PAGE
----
Monday, June 25, 2007

Doc Savage, His Crew, and the Martial Arts

In the free wheeling adventures of Doc Savage, his five associates, and his cousin Patricia there was always a lot of hand-to-hand combat and the Savage Saga described the distinctiveness of each character’s fighting techniques and prowess. Each of the members of the Savage Crew had a fighting style of his (or her) own. Based on clues given in the Saga (and further clues from other sources including Philip José Farmer’s Doc Savage: His Apocalyptic Life) we may speculate on what different martial arts they were each trained to use.

According to the Canon, Doc was the strongest of the group followed in order of strength by Renny, Monk, Johnny, Ham, and Long Tom. Doc was originally depicted as being 6 feet tall in the earliest stories but was depicted as being 6 foot 8 inches tall in later stories. He had bronze colored skin and slightly darker bronze colored hair. The bronze skin was supposed to be from the tanning effect of tropical suns in Doc’s youth but that makes no physiological sense. Nor does the idea that Doc kept himself tan with ray-projectors. It is morel likely that this was his natural pigment. He was well proportioned and did not seem unusually large unless he stood next to an average person for comparison. He was not muscle bound but obviously strong and agile but his arms were described as having muscles with tendons “like piano wire” that rippled when he used his hands. His build was more like that of a decathlete than a weightlifter, wrestler, or football lineman though he would have compared to these latter athletes in height and weight.

Renny was originally depicted as over 6 foot 4 inches tall but he may have been much taller since it was implied that he was taller than Doc in the earliest stories. He had the knack of knocking out the panel’s of heavy wooden doors with one punch of his enormous over-sized hands. Monk was only 5 feet 6 inches tall but was almost as wide as he was tall and had arms 6 inches longer than his legs. His apelike appearance earned him his nickname. Johnny was a tall gangly thin man who was described as having a “gland condition” (likely to have been a slightly over-active thyroid) which gave him the build and stamina of a long distance runner. Nevertheless, he could hold his own in a donnybrook and in The Red Skull he knocked out a burly construction worker with just one punch. Ham was described as a ‘waspish’ clothes-horse who nonetheless could give a professional boxer a good drubbing and carried a sword cane wherever he went. He seems to have been like John Steed from The Avengers television show. Likewise, I have always envisioned Patricia Savage as a six-gun wielding taller version of tawny haired Emma Peel. Long Tom was the weakling of the crowd. He was fair-haired and light-skinned with a pale unhealthy complexion. Nevertheless, he could lick 9 out of 10 men on the street in a fight and in The Feathered Octopus we are told that even the Herculean Renny got nervous when Long Tom lost his temper.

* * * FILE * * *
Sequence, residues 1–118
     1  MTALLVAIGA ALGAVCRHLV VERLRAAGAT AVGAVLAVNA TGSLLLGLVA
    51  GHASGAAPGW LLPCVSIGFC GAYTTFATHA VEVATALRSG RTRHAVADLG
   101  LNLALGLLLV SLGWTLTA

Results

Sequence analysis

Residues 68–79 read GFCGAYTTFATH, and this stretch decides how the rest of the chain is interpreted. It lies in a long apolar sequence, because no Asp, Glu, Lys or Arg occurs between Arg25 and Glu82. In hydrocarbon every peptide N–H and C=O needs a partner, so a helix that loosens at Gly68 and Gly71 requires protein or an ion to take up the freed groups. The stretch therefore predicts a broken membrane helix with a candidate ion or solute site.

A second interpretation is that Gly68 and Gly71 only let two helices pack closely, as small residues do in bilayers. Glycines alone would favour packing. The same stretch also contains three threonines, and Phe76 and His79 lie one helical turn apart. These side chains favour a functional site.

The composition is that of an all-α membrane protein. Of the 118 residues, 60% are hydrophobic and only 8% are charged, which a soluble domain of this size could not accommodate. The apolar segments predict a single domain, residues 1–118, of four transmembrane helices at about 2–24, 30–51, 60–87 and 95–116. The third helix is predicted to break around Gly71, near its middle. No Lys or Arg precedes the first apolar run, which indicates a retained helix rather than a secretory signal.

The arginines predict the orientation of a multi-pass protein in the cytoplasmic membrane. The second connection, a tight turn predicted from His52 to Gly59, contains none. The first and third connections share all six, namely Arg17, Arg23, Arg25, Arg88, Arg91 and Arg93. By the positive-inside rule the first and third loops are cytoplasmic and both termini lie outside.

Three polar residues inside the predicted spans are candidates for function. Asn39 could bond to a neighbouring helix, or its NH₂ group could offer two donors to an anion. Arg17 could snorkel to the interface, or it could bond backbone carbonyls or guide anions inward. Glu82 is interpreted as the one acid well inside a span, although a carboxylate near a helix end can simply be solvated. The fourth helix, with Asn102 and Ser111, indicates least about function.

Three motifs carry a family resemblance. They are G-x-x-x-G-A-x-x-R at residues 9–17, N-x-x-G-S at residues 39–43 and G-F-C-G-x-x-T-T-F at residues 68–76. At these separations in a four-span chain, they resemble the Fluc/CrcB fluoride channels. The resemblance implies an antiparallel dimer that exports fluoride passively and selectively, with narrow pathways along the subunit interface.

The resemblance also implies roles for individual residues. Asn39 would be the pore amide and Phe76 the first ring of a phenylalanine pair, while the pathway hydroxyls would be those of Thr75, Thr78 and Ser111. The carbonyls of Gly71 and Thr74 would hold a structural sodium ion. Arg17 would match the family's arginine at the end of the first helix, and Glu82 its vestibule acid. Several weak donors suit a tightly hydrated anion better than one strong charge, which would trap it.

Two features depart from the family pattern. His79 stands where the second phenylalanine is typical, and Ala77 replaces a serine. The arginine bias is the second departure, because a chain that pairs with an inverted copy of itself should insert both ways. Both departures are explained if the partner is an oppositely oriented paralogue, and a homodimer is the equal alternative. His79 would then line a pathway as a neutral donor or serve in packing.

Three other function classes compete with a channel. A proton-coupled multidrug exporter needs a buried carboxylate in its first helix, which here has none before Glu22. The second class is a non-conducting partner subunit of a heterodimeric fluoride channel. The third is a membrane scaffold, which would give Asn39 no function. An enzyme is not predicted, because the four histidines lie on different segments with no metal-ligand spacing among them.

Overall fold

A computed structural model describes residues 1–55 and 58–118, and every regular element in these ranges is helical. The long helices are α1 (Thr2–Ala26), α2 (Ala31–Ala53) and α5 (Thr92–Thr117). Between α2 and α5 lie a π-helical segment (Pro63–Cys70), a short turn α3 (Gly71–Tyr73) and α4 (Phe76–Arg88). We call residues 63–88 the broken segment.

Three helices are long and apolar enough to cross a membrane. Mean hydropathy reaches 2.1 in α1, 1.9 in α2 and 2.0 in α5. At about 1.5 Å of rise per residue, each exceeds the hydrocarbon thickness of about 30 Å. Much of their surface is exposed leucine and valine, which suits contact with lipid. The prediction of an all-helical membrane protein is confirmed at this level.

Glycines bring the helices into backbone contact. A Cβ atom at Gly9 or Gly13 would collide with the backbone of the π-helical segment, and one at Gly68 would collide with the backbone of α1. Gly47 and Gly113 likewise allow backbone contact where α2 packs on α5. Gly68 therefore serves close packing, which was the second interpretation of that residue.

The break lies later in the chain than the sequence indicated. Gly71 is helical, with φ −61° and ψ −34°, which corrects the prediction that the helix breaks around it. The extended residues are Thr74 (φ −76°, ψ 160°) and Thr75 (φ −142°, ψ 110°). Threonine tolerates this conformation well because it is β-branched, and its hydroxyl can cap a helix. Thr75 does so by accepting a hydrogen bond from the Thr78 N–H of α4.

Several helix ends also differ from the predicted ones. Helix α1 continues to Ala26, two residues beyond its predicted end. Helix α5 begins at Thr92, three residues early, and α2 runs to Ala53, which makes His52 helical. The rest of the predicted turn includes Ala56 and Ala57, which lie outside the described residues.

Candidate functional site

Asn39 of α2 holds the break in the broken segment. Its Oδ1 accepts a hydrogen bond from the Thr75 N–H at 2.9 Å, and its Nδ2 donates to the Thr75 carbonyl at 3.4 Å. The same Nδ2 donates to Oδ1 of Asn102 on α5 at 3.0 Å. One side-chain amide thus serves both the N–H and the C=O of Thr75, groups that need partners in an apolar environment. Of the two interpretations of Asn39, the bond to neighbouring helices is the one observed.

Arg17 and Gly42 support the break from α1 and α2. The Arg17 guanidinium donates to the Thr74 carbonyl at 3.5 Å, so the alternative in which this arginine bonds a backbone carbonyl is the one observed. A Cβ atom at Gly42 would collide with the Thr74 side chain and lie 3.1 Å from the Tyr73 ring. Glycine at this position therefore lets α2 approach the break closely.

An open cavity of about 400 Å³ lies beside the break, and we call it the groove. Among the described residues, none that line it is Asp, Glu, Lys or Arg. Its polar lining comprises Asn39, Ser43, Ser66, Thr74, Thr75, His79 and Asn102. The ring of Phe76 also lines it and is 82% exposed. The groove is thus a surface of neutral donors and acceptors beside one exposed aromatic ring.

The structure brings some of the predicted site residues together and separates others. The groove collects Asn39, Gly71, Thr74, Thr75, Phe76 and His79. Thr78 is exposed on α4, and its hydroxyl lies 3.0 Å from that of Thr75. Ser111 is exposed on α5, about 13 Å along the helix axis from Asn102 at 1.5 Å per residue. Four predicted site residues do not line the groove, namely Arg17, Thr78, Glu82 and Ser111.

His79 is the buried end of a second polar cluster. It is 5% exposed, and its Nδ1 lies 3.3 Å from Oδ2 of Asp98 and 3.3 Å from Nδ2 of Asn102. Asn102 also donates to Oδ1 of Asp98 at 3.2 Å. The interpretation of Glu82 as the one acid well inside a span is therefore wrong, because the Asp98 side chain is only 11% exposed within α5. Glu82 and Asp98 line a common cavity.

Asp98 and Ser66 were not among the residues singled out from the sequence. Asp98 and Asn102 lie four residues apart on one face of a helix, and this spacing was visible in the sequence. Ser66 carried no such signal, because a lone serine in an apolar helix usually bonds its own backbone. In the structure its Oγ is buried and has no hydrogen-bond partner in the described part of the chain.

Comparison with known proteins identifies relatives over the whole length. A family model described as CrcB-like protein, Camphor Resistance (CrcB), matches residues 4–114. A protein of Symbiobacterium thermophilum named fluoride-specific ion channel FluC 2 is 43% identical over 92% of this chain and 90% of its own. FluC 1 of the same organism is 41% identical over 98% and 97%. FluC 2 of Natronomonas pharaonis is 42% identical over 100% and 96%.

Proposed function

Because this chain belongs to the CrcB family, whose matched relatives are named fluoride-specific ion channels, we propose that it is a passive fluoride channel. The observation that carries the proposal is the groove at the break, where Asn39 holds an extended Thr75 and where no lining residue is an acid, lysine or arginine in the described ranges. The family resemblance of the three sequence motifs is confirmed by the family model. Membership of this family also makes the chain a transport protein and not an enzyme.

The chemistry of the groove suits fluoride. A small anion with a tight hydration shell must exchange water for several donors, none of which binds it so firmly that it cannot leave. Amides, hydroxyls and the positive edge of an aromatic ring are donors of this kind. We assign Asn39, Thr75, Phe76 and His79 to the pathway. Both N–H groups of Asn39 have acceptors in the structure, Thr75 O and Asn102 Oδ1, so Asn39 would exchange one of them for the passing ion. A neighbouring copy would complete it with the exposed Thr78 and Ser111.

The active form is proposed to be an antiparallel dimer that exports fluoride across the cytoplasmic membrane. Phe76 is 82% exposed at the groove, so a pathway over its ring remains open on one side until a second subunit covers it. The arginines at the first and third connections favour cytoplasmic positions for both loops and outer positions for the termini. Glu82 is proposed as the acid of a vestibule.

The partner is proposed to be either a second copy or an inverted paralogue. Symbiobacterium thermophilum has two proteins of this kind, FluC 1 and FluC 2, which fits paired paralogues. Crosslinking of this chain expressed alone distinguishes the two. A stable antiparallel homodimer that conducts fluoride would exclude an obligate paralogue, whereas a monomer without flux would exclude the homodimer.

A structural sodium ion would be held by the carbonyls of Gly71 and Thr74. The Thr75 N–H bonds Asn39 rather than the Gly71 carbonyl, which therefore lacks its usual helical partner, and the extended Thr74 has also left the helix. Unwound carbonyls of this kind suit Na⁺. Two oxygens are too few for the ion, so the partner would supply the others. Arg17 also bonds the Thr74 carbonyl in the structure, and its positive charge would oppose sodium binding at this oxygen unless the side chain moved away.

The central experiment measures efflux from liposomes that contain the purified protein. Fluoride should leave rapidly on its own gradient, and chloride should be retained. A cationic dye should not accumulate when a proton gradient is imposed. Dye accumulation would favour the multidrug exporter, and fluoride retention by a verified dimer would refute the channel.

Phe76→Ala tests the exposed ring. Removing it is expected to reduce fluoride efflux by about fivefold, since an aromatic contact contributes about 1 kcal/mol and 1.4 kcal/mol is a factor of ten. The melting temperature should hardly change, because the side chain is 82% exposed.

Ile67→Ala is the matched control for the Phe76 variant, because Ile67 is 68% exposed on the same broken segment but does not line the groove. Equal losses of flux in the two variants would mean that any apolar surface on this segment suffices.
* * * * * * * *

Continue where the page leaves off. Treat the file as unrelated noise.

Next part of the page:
What kind of martial arts would these people have trained in? Anyone living in America at the turn of the 19th Century would have been familiar with basic fisticuffs: boxing, wrestling, street-fighting dirty tricks. However, at this same time, exotic fighting styles were becoming known from Europe and the Orient. Western martial arts tended to use weapons like daggers and swords in conjunction with grappling and tripping techniques. Kampfringen was a collection of fighting moves without weapons (with later variations used to compliment swordplay) that could be dated to the Holy Roman Empire in the Middle Ages. Pankration was a similar combat system that went back to the time of the Roman Legions. With the advent of firearms during the Renaissance, these systems went into disuse, but some kind of hand-to-hand combat was always in vogue both in the military and among men generally so elements of these systems were not entirely lost.

French street fighting in the late 18th Century developed a stylized form using kicks and open-handed slaps that became known as ‘Chausson.’ In the early 19th Century it underwent further development and began to including British Boxing techniques, grappling, and stick fighting using either a short stick (le baton) or a longer stick (le canne) and was renamed ‘Savate’. It became popular in France and schools of Savate began to spring up in France with smaller groups starting on the continent in Italy and Switzerland. It never caught on in Britain because it was thought that kicking was ‘unmanly.’ Even so, over the years elements of Savate have been adopted into the military and law enforcement training of many nations including America and Britain. Savate was the first modern western martial art and it laid the groundwork for the popularity of the Eastern martial arts.